May 31, 2008
My definition of a geek is, “Somebody who socializes via objects.”
When you think about it, we’re all geeks. We’re all enthusiastic about something outside ourselves. For me, it’s marketing and cartooning. For others, it could be cellphones or Scotch Whisky or Apple computers or NASCAR or the Boston Red Sox or Bhuddism. All these act as Social Objects within a social network of people who care passionately about the stuff.
Whatever industry you are in, there’s somebody who is geeked out about your product category. They are using your product [or a competitor’s product] as a Social Object.
If you don’t understand how the geeks are socializing– connecting to other people– via your product, then you don’t actually have a marketing plan. Heck, you probably don’t have a viable business plan.
It’s hard for me to think of marketing, without thinking in terms of Social Objects. It’s hard for me to think of marketing, without thinking how the geeks fit in the equation.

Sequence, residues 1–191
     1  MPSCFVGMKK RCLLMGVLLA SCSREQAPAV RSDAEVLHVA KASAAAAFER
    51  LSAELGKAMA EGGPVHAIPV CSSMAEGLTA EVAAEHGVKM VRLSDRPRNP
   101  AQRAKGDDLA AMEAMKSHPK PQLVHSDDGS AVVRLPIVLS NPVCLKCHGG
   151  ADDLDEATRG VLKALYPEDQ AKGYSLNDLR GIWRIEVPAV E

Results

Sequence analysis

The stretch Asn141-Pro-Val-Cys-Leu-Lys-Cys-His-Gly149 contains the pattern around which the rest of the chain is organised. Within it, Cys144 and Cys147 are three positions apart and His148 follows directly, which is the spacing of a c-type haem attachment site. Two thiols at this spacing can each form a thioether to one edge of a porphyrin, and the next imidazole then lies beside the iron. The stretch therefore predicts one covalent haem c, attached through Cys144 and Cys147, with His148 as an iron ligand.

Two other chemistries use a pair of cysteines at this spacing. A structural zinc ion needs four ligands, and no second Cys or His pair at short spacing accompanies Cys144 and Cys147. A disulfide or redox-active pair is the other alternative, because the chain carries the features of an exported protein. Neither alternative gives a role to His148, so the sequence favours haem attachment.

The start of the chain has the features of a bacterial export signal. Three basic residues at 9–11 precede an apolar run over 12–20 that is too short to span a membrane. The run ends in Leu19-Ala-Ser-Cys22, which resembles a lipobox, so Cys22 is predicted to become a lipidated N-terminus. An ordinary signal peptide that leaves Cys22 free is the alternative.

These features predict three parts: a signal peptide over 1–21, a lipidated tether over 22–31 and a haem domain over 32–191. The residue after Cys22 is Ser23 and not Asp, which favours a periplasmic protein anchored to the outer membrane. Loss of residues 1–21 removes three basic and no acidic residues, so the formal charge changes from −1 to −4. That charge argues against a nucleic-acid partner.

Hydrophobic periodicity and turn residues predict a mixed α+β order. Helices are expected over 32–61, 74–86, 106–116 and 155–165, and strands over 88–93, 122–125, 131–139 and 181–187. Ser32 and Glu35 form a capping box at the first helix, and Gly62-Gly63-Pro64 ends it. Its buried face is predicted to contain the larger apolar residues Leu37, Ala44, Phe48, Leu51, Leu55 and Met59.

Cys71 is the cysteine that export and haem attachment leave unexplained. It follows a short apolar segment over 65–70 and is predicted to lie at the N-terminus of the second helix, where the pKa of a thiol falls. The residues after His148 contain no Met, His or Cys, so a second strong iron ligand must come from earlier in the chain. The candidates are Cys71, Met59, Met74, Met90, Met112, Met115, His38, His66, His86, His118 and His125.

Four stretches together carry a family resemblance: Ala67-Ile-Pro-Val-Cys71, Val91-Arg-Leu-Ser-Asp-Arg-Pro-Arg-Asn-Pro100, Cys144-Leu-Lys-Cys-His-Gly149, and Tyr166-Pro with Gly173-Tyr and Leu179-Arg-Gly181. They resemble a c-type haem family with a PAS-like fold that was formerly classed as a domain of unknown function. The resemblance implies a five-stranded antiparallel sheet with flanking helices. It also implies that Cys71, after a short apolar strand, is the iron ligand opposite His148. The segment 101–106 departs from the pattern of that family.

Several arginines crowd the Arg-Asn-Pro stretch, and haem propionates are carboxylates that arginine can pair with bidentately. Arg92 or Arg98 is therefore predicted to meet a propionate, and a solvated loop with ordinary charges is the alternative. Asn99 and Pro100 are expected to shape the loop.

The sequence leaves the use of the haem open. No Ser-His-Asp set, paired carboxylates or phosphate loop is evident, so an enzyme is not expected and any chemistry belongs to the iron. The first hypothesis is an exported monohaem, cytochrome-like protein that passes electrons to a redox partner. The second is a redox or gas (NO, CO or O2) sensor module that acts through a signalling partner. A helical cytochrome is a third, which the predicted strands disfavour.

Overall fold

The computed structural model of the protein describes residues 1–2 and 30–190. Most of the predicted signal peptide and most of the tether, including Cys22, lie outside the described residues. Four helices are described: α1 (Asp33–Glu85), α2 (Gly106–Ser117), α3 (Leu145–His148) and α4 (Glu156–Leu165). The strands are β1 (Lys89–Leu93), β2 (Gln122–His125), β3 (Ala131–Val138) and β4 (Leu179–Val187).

So many people start out trying to market to Mr and Mrs Average. I think they’d have better luck if they thought of the geeks first.
[Afterthought:] Someone in the comments asks, “Doesn’t the product also need to make sense to non-geeks?“
It would depend on the product, it would depend how “specialist” it is, I suppose. Can you show me an interesting, successful product that the geeks hate, but the non-geeks love?
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